John Eason’s Controversial Birthyear – 1776 0r 1786? 

The reporter stated “The old bible in the chimney corner bears this record: John Eason, born May 14th, 1776, making Mr. Eason one hundred and one years old the 14th of May last [1877]. It is just to say that the old gentleman doubts the reliability of this record and believes himself ten years younger, but the evidences are against his theory.”

However, John Eason’s belief that he was ten years younger seems to be accurate, based on both the stories he told in this newspaper interview, as well as a reconstruction of his origins. Eason recalled that he was about 12 at the time of George Washington’s funeral, which occurred in 1799, making his birthdate more likely to be 14 May 1786. He also said he remembered Baptist minister John Drew preaching when he was 4 or 5 years old [Drew became a preacher in 1789], that Eason’s family moved to Maine when he was about 13, and that he was baptized at the age of 17 by Rev. Ebenezer Hamlin in Maine, which I will further argue helps to support a birthdate of circa 1786 rather than 1776. Thus, John Eason did not quite live to be a century old, despite the paper’s claims. Their mistake, however, was a valuable one, since their curiosity led to Eason’s interview.

John Eason’s Origins

The newspaper never named John Eason’s father and mother, who are both referred to in the article. John Eason was the son of Caesar Eason Jr. and his second wife Eleanor Boo/Booy/Boas/Boaz/Bowes of Middleborough, Plymouth County, Massachusetts, and later Wareham, Plymouth County, Massachusetts, and Green Plantation, Maine.

Caesar Eason Jr. was the son of Caesar Eason Sr. and Mercy Gundaway, a free black couple who were granted land by the Titicut Indians on the Titicut reservation in Middleborough, Massachusetts. Caesar Eason Jr. was the grandson of Richard and Mingo Gundaway of Plymouth, Mass., an enslaved married couple who were the first black family in the First Plymouth Congregational Church, and later granted their freedom.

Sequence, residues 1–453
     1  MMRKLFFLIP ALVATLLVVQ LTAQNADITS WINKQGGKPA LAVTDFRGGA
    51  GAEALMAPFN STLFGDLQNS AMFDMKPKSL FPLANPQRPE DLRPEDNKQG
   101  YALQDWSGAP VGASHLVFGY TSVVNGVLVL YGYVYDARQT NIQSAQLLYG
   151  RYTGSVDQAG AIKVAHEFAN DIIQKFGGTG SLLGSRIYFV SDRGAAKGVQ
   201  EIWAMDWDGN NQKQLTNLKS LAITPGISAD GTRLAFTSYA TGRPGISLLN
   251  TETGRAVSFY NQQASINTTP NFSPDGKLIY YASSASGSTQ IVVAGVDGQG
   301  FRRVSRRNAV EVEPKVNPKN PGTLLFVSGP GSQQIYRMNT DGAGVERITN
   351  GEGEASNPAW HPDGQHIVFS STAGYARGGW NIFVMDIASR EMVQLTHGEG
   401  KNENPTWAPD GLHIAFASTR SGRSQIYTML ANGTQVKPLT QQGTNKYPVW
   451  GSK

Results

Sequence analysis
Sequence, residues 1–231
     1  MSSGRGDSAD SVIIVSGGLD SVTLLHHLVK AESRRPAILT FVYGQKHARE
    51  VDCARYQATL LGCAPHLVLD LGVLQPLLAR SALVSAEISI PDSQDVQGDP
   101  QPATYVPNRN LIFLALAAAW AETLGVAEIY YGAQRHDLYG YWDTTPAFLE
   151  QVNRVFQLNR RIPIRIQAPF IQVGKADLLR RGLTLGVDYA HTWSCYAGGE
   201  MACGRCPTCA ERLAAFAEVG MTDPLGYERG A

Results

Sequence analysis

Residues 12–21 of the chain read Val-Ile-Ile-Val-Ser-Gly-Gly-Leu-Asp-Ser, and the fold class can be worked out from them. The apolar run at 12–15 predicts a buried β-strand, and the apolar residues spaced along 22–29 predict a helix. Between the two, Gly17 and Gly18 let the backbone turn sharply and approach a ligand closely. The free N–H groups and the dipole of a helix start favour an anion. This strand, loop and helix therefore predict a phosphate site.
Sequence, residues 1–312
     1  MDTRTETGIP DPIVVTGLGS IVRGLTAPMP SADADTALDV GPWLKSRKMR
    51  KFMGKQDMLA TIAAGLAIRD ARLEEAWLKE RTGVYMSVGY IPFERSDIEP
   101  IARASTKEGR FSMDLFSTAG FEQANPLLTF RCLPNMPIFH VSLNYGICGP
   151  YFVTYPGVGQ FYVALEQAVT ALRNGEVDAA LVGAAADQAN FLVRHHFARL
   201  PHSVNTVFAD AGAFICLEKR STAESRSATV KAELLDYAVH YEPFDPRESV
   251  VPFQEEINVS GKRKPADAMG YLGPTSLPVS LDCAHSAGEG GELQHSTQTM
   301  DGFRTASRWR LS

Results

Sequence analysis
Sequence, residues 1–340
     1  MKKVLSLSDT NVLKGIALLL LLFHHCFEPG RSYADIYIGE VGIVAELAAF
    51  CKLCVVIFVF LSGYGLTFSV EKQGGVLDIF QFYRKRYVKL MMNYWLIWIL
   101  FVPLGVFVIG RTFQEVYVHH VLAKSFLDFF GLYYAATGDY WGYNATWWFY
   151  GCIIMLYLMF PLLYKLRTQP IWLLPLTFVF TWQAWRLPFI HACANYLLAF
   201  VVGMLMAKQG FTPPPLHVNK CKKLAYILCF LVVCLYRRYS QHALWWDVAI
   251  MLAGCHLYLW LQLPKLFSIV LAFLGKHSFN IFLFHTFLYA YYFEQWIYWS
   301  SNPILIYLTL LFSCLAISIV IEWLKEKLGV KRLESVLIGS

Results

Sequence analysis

Caesar Eason Jr. first married Eunice Sewall in the Fourth Church of Christ, North Bridgewater (now the First Congregational Church in Brockton), on 19 March 1778. Eunice died sometime prior to 1785, and it is unclear if they had children. Eunice (Sewall) Eason’s brother, Elias Sewall, moved from Brockton, Mass. to Vassalborough, Maine by 1790. Elias Sewall moved to China, Kennebec, Maine by 1800.

Following Eunice’s death, Caesar Eason Jr. married Eleanor Boas. They published intentions in Middleborough, Mass. on 12 June 1785, described as “black persons, both of Middleborough.” Eleanor’s surname was mis-transcribed as “Bass” in Middleborough’s printed vital records, but the original reads “Boas”. She was the granddaughter of Sambo, who was enslaved by Middleborough minister Rev. Peter Thacher, and Titicut Indian Martha Chummuck/Chubbuck, who married in 1749. Sambo was manumitted shortly after Rev. Peter Thacher’s death, and he moved to Scituate with his wife and children in the 1750s. There, he went by the name Sam Bo, and his children took the surname “Bo”, which was alternatively spelled “Bo”, “Boo”, “Booy”. Years later, the surname also transformed into “Bowes”, “Boas”, and “Boaz”.

Sambo and Martha’s eldest son James Boo, born circa 1749 (although he later reported his birthdate as ca. 1754) married a Marshfield, Mass. Indian woman named Bethiah circa 1765. On 6 June 1767, Middleborough constable Job Macomber warned “James Booy, a negro man, and his wife Bethiah and small children Daniel and Eleanor, lately come from Marshfield to reside in this town, they being no inhabitants of the same, to depart.” James fought in the Revolutionary War as a soldier from Plymouth, Mass., and later moved his family to Maine where he received a Revolutionary War pension. His 19 year old daughter Eleanor was a resident of Middleborough, Mass. when she married Caesar Eason Jr. in 1785. Shortly thereafter, Caesar Eason Jr. found work in Wareham, Mass.

 

John Eason was the firstborn child of Caesar Eason Jr. and Eleanor Boas. He reported that he was born in Wareham, Mass., although no record of his birth has been located. John believed that he was born May 14th, 1786, rather than the reporter’s belief that the family bible stated he was born May 14th 1776.  Eason could not read, so it is difficult to assess if the reporter mis-read the handwriting in the bible. Although a birthyear of 1776 could place John as a son of Caesar Eason’s first wife Eunice Sewall, his claim that he was born ca. 1786 and the memories of events in his childhood teenage years better fit a birthyear of 1786. Even the family’s residence helps to support this – the Easons resided in Middleborough and Brockton, Mass. in the 1770s, and in Middleborough and Wareham in the 1780s.